Global warming has been a hot topic the past few years resulting in a greater awareness of Mother Nature, her ever-changing status, and what we can do to protect her. According to PlanetSave, a blog focused on saving the planet, global warming could lead to the extinction of over a million species. Ticks, however, is not one of them.
Ticks thrive in warmer weather. Whether it’s the heat of the summer or dead of winter, ticks can become active anytime the temperature rises over 40 degrees and there isn’t snow and ice on the ground. For many areas around the country, that’s the case right now.
With ticks coming out earlier in the year and staying later, their population has increased in many areas, resulting in more cases of tick-borne illnesses like Lyme disease. On a recent warm day here in Virginia a friend of mine asked me if I continue to give my dog flea and tick medication throughout the winter. The answer is yes as you never know when a tick is on that plant my four-legged friend is sniffing so intently. Depending on where you live, it’s important to protect yourself, your kids and your pets from ticks all year round (for those of you in states with inches of snow right now, you’re safe).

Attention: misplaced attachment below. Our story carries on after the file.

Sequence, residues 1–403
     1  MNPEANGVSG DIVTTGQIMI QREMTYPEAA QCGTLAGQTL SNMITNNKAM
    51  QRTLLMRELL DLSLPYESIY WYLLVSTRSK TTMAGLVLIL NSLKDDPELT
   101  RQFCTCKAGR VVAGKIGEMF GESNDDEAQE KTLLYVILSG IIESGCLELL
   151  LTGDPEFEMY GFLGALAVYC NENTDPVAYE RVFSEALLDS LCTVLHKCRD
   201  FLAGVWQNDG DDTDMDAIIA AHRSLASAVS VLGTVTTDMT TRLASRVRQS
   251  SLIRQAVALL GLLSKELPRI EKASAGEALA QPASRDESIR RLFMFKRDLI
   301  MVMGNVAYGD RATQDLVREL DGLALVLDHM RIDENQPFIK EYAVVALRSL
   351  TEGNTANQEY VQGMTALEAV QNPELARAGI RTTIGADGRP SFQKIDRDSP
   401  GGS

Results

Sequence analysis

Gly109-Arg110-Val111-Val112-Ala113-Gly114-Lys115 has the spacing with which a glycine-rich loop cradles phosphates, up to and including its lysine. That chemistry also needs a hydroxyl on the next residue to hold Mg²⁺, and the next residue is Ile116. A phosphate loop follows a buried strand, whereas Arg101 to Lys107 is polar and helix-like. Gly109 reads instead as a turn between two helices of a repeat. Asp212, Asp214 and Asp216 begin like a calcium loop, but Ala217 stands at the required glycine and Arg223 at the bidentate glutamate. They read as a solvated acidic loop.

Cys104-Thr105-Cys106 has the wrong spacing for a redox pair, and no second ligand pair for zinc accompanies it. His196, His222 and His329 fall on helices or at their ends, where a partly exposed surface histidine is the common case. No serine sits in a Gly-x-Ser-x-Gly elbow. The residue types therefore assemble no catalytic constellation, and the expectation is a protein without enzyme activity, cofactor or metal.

How can you protect yourself from ticks and the illnesses they carry? It’s all about being observant and proactive:
- If you are going outdoors, wear light colored and loose clothing that covers the majority of your body. Ticks’ dark bodies are easier to see on a light background.
- Check yourself. Check your clothing and skin for ticks when coming indoors. Make sure to check those hard-to-see areas like behind the ears, armpits, etc.
- Remove all ticks immediately. Here’s a guide to remove ticks properly from the CDC. Record the date and location of the bite and place the tick in a baggie if you can in case you notice any symptoms in the future.
Ticks are small, but they can be big trouble. If you want to rid your yard of ticks, contact Mosquito Squad. Our tick tube application will get to the ticks before they get to you.